So what happened? For this, let's just pick one bank, CIBC, although Bank of Montreal and Scotiabank were also good candidates here. Not so much TD, RBC and National, but we will get to why in a couple minutes.

    Before Covid, CIBC was trading at about $110.00 and was paying a quarterly dividend of $1.44 (although they announced that they were increasing this to $1.46, so we will use that number). So that's all well and good, brunt ol' boy you might say, what does this actually mean?

    This means that at that point in time, you bought a share of CIBC in December 2019 for $110.00, and as you hold it, in return for your ownership in the bank, you will receive $1.46 payment every three months. Doesn't sound like much, but four payments make for $5.86 per year. To compare to the "high interest rate" accounts, that is a 5.3% return. Not too shabby, but it gets better. Dividends of Canadian companies is actually taxed better, so you pay approximately one half the amount of tax on dividends than you do on interest. If you are in the higher tax brackets, this makes a huge difference.

    "But brunt, stock prices go up and down all the time - I'll go crazy with worry", I hear you reply. But if this is your nest egg, you are looking for income, not a lottery ticket in hopes that the stock will increase through the roof. Banks are pretty solid institutions and are well aware of the fact that stock holders hate having their dividends reduced. So usually, in general market downturns, the banks keep up paying their dividends, and you keep receiving your 5.3% regardless of the current stock price. Sure beats 1.3% at the bank for playing "whack-a-mole" moving your cash around for the best rate. And with the dividends, you sit back in your pjs and slippers and just check your account to see your dividends deposited.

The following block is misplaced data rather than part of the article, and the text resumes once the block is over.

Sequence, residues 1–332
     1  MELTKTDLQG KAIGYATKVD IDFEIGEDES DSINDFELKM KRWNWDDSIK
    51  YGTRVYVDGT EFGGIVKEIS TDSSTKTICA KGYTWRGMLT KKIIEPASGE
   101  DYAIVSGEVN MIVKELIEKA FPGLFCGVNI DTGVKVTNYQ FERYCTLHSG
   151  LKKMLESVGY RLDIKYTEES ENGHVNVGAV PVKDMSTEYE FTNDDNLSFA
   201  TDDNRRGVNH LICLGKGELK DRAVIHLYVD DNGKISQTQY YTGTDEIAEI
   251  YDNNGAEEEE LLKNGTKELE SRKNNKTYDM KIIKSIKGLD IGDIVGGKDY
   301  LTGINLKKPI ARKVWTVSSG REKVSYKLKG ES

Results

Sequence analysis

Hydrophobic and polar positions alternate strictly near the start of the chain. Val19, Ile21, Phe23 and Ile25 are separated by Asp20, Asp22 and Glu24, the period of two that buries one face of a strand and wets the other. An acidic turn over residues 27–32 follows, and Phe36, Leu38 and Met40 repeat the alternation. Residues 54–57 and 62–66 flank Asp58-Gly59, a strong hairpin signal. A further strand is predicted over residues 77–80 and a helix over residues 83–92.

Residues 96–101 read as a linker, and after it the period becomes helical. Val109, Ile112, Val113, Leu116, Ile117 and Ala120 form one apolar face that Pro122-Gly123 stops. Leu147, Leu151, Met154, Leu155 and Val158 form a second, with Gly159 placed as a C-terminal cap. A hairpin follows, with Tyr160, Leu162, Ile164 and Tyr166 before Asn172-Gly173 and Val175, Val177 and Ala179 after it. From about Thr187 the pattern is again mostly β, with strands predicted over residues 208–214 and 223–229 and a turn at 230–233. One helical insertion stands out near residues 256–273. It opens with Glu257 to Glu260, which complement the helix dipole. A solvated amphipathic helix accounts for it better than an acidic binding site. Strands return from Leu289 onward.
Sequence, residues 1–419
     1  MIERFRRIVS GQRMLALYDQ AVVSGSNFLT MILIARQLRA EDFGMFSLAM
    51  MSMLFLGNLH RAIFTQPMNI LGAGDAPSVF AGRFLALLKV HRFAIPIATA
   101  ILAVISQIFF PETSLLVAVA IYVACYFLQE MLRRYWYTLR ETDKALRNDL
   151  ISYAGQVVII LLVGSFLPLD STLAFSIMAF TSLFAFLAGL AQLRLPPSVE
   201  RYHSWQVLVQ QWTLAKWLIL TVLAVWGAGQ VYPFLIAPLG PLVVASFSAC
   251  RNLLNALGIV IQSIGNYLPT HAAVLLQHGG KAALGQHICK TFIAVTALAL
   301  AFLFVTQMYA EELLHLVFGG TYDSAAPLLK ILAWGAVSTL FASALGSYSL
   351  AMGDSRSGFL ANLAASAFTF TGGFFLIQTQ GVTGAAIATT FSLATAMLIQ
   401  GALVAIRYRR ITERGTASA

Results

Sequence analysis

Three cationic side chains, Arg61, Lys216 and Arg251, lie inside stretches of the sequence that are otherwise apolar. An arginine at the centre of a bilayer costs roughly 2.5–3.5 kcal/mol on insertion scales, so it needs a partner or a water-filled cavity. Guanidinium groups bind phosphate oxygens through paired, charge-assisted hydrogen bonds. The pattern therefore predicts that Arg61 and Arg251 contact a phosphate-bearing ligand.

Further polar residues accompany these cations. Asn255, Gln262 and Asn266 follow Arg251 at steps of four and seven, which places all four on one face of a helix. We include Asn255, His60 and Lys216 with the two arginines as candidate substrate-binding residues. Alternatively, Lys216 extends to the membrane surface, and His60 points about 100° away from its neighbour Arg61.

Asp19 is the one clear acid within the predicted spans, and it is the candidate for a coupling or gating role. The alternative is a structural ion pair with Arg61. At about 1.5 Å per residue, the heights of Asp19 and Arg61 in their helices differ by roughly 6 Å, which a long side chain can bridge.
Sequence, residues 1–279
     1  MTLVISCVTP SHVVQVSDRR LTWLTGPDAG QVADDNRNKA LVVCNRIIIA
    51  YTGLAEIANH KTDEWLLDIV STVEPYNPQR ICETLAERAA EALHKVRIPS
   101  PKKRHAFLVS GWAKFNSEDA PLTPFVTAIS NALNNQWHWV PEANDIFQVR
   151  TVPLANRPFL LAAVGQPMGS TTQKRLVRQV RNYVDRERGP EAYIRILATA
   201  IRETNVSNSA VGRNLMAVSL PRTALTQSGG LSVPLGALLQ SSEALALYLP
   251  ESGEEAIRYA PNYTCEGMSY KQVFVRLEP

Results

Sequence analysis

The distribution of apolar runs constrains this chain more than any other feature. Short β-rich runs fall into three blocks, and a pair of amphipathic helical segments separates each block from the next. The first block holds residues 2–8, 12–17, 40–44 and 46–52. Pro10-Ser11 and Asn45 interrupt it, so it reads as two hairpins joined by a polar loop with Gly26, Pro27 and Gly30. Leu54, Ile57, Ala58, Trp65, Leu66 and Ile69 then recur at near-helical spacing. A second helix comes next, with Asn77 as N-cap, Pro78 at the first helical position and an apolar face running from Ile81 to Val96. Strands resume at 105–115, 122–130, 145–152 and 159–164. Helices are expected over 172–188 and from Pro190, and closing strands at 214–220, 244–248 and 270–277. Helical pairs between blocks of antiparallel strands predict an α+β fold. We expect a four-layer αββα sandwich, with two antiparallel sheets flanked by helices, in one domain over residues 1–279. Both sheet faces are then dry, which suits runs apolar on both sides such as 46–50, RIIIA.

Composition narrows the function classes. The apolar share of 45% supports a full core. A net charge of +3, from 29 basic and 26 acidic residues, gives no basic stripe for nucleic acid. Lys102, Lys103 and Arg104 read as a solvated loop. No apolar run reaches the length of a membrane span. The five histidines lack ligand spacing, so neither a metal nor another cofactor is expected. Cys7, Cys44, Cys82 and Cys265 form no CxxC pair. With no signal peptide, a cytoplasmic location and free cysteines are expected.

"But what about Covid, it was horrible, stocks were slaughtered", I heard from the back. No, it was wonderful. Fast forward to March, 2020, and CIBC was trading for about $75.00. That may sound like quite the drop, but remember, you have been sitting in cash, right? So whip out your calculators and compute $1.46 times four payments per year divided by the purchase price of $75.00 per share. I'll wait and sip on my hot chocolate while you get your answer.

    If you got 7.79%, then you get a gold star. But even better than a gold star is getting 7.79% dividends on your cash savings rather than a measly, stinking 1%. So now your $100,000 is paying you almost $7,800.00 per year, and taxed better to boot. And even better than that is that is that these successful businesses tend to increase their dividends over time, so next year it may be $8,000 and over $8,100 the year after that.

    So am I saying that you need to fire up the Delorean and go back to March? No, not at all, but if you learn one thing from this post, figure out how to compute the current dividend return on Canadian bank stocks, like I did above. And in the future, without the assistance of a flux capacitor, wait for when people get jittery, and this rate increases to a point where it becomes irresistible, and make the plunge. Retired you will thank present you greatly for having done it!

    Sure, this particular dip may be gone. Or maybe not if the second wave is worse than expected. But if there is one constant with the market, it will fluctuate. And at some point, another short-term thing will come by and Canadian banks will have their dividend rates blip up again.